Friday, 21 June 2013

International solidarity: Palestine and Colombia

#undc13 The international session heard harrowing testimony of Colombian activists and calls for a sporting boycott to end Israeli apartheid.

Moving testimony of Colombian activists inspires support

Colombia is still one of the most dangerous places in the world to be a trade unionist and conference pledged to continue UNISON’s long term support for working people in Colombia in their struggles for human and trade union rights and to build a better quality of life.

Speaker after speaker gave examples of the human cost of government policies in Colombia, with trade unionists killed, massive internal displacement and a lack of justice.
Mary Sampson from Lanarkshire Health told delegates that the numbers of trade unionists killed in Colombia in 2008 were equal in number to everyone in the conference hall – a shocking statistic which has got even worse since then.

Her branch were privileged to welcome “our Colombian sister, Alfamia Castillo, who gave us an inspiring speech on the work she and her colleagues undertake in constant fear of their lives.”

Mary called for UNISON to actively encourage regions and branches to support campaigns that build a sustainable infrastructure supporting community organising, protecting workers and their families, “for the safety of workers like Alfamia, to allow them to support working people in Colombia.”

Jane Aitchison’s South Lanarkshire Branch also took the opportunity to organise a skype session with Berenice Celeyta Alayon, a leading human rights campaigner in Colombia.
Jane told conference, “It was inspiring to hear Berenice describe the bravery of trade unionists who are rising up and organising in spite of Colombia being the most dangerous place in the world to be a trade unionist.

“It was inspiring to hear of this bravery from someone who herself puts herself in danger for championing human rights in her own country and beyond.

“All Berenice wants is for her people to be able to live in peace, with access to a decent health service and education. Is that really too much to ask?” asked Jane.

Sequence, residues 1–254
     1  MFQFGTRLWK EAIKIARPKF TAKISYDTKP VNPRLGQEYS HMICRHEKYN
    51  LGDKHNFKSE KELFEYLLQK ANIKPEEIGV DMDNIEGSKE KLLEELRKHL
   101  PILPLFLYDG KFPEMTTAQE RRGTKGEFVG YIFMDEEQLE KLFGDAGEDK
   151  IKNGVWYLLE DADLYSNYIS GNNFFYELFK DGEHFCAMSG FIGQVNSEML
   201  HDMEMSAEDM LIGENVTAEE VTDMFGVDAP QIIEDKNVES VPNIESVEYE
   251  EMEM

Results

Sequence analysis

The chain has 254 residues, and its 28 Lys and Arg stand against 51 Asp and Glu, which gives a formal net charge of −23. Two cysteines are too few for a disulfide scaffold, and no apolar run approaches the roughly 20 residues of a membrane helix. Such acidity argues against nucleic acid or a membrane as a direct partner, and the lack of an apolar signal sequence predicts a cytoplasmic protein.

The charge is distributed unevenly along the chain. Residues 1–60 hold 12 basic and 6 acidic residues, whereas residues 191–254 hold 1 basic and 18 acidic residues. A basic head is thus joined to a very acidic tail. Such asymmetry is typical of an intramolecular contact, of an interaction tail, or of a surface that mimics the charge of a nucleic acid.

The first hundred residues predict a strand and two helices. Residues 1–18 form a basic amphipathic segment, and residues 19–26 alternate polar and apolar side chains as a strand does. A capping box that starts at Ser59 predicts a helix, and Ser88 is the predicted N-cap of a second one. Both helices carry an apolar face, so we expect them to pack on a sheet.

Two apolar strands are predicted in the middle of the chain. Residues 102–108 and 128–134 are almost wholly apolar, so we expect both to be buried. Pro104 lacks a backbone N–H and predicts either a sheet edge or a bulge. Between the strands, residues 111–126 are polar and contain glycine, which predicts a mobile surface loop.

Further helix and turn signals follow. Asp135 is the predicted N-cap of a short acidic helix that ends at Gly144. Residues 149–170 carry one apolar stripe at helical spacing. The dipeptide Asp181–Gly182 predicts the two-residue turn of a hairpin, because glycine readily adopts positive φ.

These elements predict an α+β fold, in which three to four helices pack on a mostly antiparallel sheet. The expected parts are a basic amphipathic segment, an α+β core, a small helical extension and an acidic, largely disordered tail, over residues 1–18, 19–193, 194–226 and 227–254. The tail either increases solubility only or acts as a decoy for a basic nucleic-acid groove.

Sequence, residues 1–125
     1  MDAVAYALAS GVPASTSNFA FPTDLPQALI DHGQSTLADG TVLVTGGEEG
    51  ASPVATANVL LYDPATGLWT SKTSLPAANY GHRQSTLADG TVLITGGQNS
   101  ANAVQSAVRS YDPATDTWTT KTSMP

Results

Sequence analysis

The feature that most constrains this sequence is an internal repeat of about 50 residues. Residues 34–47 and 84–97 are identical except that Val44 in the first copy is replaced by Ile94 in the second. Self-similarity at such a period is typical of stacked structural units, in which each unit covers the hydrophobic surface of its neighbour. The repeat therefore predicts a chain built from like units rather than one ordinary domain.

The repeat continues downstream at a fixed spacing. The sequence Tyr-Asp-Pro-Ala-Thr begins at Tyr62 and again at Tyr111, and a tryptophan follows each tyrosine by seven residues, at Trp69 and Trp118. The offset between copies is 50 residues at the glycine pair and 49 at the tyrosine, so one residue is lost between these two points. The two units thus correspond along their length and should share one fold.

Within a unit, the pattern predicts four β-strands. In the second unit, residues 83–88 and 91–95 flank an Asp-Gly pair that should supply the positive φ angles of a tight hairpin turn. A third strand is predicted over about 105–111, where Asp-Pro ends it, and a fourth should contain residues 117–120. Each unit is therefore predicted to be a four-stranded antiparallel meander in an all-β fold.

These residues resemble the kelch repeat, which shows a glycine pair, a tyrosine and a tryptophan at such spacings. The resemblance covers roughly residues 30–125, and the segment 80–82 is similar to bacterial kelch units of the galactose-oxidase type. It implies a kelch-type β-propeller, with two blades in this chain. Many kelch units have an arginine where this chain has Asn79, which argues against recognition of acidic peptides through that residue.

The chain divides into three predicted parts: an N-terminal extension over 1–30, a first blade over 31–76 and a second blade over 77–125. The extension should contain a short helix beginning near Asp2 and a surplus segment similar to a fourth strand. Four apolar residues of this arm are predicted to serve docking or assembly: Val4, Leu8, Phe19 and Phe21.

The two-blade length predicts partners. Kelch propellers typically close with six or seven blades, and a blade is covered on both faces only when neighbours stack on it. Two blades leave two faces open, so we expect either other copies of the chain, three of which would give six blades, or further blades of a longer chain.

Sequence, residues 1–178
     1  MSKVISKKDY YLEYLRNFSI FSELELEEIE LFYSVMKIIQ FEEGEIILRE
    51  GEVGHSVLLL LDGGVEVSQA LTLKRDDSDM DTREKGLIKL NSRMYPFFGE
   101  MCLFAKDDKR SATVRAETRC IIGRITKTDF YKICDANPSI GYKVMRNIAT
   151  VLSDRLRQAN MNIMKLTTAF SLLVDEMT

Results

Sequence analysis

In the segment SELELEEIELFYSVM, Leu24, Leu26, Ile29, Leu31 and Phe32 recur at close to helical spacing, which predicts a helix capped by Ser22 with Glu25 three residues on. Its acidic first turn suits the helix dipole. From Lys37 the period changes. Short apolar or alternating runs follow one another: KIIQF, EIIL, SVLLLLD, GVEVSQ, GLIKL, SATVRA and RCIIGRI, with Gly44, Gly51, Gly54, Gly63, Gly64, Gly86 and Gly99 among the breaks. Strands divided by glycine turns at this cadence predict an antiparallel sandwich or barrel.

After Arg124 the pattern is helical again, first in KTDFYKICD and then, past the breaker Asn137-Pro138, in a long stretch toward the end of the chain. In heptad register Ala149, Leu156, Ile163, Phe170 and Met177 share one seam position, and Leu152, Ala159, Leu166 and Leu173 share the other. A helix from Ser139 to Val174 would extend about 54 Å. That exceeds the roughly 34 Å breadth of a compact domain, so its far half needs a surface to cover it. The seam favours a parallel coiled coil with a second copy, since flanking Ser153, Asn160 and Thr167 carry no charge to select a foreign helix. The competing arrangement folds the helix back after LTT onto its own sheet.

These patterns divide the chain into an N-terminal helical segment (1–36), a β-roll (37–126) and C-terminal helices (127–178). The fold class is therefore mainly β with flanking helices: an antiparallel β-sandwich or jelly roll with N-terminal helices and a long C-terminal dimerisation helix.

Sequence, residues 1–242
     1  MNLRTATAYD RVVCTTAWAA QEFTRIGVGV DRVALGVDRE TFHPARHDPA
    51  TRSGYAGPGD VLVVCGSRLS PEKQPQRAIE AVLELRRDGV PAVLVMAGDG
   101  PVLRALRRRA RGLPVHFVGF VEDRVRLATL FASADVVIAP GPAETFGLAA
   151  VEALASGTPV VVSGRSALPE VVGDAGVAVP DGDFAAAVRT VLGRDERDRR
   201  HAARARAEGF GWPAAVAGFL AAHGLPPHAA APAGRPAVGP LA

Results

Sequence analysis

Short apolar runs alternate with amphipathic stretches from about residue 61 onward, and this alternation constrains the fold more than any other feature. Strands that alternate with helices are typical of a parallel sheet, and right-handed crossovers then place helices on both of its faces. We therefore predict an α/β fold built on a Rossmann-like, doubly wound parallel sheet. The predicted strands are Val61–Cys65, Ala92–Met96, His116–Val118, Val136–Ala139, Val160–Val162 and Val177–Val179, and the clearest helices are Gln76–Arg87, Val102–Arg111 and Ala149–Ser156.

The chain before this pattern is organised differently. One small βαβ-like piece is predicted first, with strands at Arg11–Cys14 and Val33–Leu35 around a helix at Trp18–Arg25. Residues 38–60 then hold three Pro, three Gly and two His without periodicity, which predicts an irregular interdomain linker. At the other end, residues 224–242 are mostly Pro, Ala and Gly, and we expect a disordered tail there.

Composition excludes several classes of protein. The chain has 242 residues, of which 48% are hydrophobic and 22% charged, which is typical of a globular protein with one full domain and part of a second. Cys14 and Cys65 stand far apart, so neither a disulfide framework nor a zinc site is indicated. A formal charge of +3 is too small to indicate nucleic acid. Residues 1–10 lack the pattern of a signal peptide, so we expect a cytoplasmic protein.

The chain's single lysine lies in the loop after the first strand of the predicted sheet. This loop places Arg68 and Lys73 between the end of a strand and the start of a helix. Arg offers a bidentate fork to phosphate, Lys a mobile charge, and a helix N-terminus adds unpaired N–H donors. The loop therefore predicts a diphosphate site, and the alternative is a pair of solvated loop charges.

“Thanks to international solidarity there have been some successes but there is still a very long way to go.”

Call for a sporting boycott to end Israeli apartheid

Conference reaffirmed UNISON’s support for a Palestinian State and pledged to continue its campaign for boycott, divestment and sanctions (BDS) against Israel.

In a passionate speech Glasgow City’s Sam Macartney, Chair of Scotland’s International Committee, told conference that he wondered if BDS goes far enough.

“It is right that we target Israeli settlement goods, but while Israel continues to participate in the world’s sporting events without repercussions, it is an insult to all Palestinians, who should have a right to live in their own homeland with full civil rights and free from persecution.”

Last week Scotland hosted Mahmoud Sarsak, a Palestinian football player recently released from an Israeli jail after being interned for three years without charge. No charges were brought against him as no crimes were committed. Mahmoud was on hunger strike for 94 days before he was released.
Sam called for a sporting boycott to now be put in place “to draw attention to this Israeli apartheid regime.”

Sam said, “Mahmoud’s words stuck in my mind. He said, “It was heartbreaking to watch this under 21 world cup played on stolen Palestinian land. Where is our option to participate? Where is our justice?”

Sam said that when it comes to sport and Palestine there is the kind of discrimination that “Show Racism the Red Card” does such a great job of challenging in this country. In Ramala there are apartments where Israeli families live upstairs and Palestinian families live downstairs. Upstairs the families enjoy access to all benefits and sporting activities. Downstairs, they have none of these rights.

“That is discrimination! That is repression! That is Palestine under Israeli occupation.”
He ended with another quote from Mahmoud Sarsak, about his hunger strike. “The decision was very difficult to take between your own life and freedom, but freedom is much more important than everything. You would hate life without freedom.”

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